array_merge in PHP
PHP has several ways of combining two arrays into one. You can use
array_merge or the
There's a subtle difference between these two methods though, a difference worth knowing.
Let's take a look at how these two methods compare:
array_merge($first, $second); // vs. $first + $second;
Let's say these are the two arrays we're working with:
$first = [ 'a', 'b', ]; $second = [ 'c', ];
This would be the result of a simple
array_merge($first, $second); [ 'a', 'b', 'c', ]
+ operator gives us this result:
$first + $second; [ 'a', 'b', ]
Switching the operands while using the
+ operator, gives a different result:
$second + $first; [ 'c', 'b', ]
Confused? So was I.
Let's write out the
$second arrays in full, with their indices.
This will make things more clear:
$first = [ 0 => 'a', 1 => 'b', ]; $second = [ 0 => 'c', ];
By now you can probably guess what's going on:
+ operator will only add the elements of the rightside operand, if their key
doesn't exist in the leftside operand, while
array_merge will override existing keys.
By that definition, we can also determine that
+ can never be used to recursively merge arrays,
as it will leave existing elements untouched:
$first = [ 'A' => [ 'B' => true, 'C' => true, ], ]; $second = [ 'A' => [ 'B' => false, 'C' => false, ], ]; $first + $second;
Here's the result:
[ 'A' => [ 'B' => true, 'C' => true, ], ]
array_merge, would give this result:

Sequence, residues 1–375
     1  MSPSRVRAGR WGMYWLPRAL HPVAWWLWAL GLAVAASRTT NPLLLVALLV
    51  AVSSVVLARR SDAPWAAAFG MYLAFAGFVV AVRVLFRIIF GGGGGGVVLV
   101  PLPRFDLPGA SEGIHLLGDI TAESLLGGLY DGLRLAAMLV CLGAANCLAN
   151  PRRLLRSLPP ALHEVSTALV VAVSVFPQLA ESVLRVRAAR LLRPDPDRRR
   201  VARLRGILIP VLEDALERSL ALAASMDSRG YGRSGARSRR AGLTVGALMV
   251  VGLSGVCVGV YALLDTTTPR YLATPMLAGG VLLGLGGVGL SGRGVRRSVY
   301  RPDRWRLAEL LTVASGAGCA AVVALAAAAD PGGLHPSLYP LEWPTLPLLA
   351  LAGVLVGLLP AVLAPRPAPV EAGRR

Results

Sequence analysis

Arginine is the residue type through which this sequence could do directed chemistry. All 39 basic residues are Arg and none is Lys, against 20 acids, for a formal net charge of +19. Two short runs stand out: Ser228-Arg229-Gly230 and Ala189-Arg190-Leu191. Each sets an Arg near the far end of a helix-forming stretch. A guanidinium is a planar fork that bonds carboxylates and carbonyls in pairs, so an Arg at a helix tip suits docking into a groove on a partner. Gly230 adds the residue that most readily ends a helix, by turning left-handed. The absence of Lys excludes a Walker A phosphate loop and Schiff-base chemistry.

[ 'A' => [ 'B' => false, 'C' => false, ], ]
"Hang on", I hear you say, "isn't that what
array_merge_recursive is supposed to do?".
Here we have a case of unfortunate naming. Please don't be surprised — it's PHP after all.
array_merge will merge matching elements by overriding them.
array_merge_recursive on the other hand will keep both elements, and merge them in a new array, keeping both values.
This is what our previous example would look like, using
[ 'A' => [ 'B' => [ true, false, ], 'C' => [ true, false, ], ], ]
What about merging multiple arrays? You can probably guess the outcome by now:
$first = ['a']; $second = ['b']; $third = ['c'];
array_merge results in:
array_merge($first, $second, $third)
[ 'a', 'b', 'c', ]
+ operator also works, with the following result:
$first + $second + $third
[ 'a', ]
With this little refresher, I hope that you won't find yourself confused anymore when you're deep into your code and need to merge arrays.
I found it to be a cognitive burden when I had to stop and think about "hang on, what is the correct way to do this?". Luckily now, we know!